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Ballard, J G - The Terminal Beach ##VERIFIED##


A giant is washed up on the beach. Over the succeeding days and weeks the unnamed narrator visits and revisits the beach and watches the amazement of the huge crowds soon give away to bored vandalism, then the dismemberment of the huge body to be used for fertiliser and the enormous bones re-used as archways into scrap yards or even houses.




Ballard, J G - The Terminal Beach


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Too weak to walk any further, Traven sat down between the tracks. Hoping that they might lead him to the beach, he began to excavate the wedge-shaped grooves from a drift into which they disappeared. He returned to the bunker shortly before dawn, and slept through the hot silences of the following noon.


He woke the next morning into bright sunlight, lying halfway down the slope of a wide concrete beach. This ringed an empty reservoir or target basin some two hundred feet in diameter, part of a system of artificial lakes built down the centre of the atoll. Leaves and dust choked the exit grilles, and a pool of warm water two feet deep lay below him, reflecting a distant line of palms.


On either side of him, muffled by the dunes, came the sounds of waves, the great rollers on the seaward side breaking over the reefs, and on to the beaches within the lagoon. However, he avoided the sea, hesitating before any rise or dune that might take him within its sight. Everywhere the camera towers offered him a convenient aerial view of the confused topography of the island, but he avoided their rusting ladders.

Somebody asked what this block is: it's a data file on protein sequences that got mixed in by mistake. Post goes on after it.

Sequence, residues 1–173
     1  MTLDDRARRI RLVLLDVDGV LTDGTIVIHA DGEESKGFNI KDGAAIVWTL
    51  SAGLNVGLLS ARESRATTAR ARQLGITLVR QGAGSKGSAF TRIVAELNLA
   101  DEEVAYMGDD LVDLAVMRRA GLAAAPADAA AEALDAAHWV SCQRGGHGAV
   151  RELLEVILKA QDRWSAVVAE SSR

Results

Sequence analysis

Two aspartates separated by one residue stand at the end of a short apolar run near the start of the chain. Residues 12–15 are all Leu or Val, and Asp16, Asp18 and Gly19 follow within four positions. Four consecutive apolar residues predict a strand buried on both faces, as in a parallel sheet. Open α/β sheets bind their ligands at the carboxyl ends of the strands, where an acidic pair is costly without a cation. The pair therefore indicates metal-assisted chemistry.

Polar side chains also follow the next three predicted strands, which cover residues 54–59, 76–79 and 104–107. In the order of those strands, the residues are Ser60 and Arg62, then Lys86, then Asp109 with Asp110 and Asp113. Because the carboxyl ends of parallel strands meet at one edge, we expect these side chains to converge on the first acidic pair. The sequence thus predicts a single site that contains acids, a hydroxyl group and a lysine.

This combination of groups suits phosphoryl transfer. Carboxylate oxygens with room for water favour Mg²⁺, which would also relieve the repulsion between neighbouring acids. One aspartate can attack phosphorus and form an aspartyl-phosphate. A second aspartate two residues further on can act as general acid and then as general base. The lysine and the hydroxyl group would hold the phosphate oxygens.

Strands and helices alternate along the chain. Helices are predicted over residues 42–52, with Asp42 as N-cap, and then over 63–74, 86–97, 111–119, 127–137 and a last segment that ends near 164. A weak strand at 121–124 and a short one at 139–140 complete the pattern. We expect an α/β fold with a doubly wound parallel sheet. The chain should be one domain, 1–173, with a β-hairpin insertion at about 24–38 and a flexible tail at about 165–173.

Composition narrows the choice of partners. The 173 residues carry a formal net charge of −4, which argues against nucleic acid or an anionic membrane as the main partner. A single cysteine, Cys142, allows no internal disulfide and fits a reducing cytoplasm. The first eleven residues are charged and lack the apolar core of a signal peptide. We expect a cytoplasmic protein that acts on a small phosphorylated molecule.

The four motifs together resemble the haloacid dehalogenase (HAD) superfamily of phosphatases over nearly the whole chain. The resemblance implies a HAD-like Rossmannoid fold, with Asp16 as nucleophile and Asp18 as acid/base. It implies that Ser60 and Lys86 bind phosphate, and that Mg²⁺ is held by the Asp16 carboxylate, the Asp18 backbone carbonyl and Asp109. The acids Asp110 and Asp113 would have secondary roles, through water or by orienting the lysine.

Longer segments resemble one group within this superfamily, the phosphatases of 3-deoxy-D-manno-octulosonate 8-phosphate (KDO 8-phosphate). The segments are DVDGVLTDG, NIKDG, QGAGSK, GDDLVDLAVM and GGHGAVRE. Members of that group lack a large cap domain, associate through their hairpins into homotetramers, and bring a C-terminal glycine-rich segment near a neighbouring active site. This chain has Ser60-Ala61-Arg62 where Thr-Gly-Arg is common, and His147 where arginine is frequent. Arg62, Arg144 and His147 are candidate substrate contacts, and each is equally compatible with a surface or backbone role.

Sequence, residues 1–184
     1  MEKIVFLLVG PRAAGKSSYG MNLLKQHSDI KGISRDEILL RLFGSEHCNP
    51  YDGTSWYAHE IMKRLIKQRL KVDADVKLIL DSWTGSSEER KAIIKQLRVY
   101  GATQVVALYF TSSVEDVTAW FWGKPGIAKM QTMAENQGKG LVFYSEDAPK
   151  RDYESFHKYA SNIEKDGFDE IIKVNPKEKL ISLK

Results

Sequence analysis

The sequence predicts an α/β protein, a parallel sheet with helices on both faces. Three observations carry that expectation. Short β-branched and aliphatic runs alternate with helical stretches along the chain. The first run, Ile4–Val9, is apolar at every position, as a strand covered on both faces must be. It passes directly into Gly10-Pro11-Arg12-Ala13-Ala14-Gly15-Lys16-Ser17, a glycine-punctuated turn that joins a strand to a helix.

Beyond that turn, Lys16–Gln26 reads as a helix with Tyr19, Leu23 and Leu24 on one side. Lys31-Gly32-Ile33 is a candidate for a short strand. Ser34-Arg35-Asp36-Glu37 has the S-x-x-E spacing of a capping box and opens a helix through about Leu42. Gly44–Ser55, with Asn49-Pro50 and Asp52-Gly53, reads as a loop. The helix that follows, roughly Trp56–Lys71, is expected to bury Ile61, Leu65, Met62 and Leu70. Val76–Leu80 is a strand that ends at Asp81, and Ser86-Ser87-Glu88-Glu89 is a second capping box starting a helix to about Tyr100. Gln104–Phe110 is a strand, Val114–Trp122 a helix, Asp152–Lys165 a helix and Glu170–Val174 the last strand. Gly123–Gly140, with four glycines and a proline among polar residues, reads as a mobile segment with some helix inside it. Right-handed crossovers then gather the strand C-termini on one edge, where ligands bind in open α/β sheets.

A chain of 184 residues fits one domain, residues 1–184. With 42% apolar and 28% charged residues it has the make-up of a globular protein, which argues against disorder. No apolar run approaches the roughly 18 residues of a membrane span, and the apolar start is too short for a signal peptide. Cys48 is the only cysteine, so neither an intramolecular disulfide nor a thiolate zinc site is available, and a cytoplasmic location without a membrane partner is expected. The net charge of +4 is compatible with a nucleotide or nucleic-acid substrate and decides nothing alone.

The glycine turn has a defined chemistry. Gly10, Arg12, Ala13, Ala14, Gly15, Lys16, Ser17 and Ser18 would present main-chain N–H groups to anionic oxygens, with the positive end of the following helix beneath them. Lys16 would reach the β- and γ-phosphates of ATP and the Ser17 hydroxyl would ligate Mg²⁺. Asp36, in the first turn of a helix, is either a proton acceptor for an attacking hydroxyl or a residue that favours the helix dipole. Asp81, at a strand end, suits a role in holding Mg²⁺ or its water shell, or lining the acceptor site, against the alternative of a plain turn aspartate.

In the ever-expanding field of Ballardian criticism, The J. G. Ballard Book is a refreshingly unique and eclectic contribution to the field. The editor, Rick McGrath, a native Canadian and former rock journalist, is a longstanding aficionado of the author who runs JGBallard.ca and frequently contributes to Ballardian.com, two definitive websites that together offer a sprawling repository of information on the Ballardosphere. McGrath is also the editor-in-chief of The Terminal Press, a name that references Ballard's story "The Terminal Beach" and, more broadly, the condition of terminal identity that pervades his oeuvre. The J. G. Ballard Book is an anthology of interviews, articles, bibliographies, ephemerae, and thought experiments that feature color photographs and illustrations in addition to original correspondences and hand-written notes and annotations. Ballard scholars will recognize the lineup of contributors, several of whom have written important books on Ballard, including Peter Brigg (author of the Starmont Reader's Guide J. G. Ballard), Samuel Francis (author of The Psychological Fictions of J. G. Ballard), and James Goddard and David Pringle (co-editors of J. G. Ballard: The First Twenty Years). All of the contributors, however, are bona fide Ballardians who know their stuff, rendering this collection valuable for its inimitability as much as its depth of knowledge, history, and insight. 041b061a72


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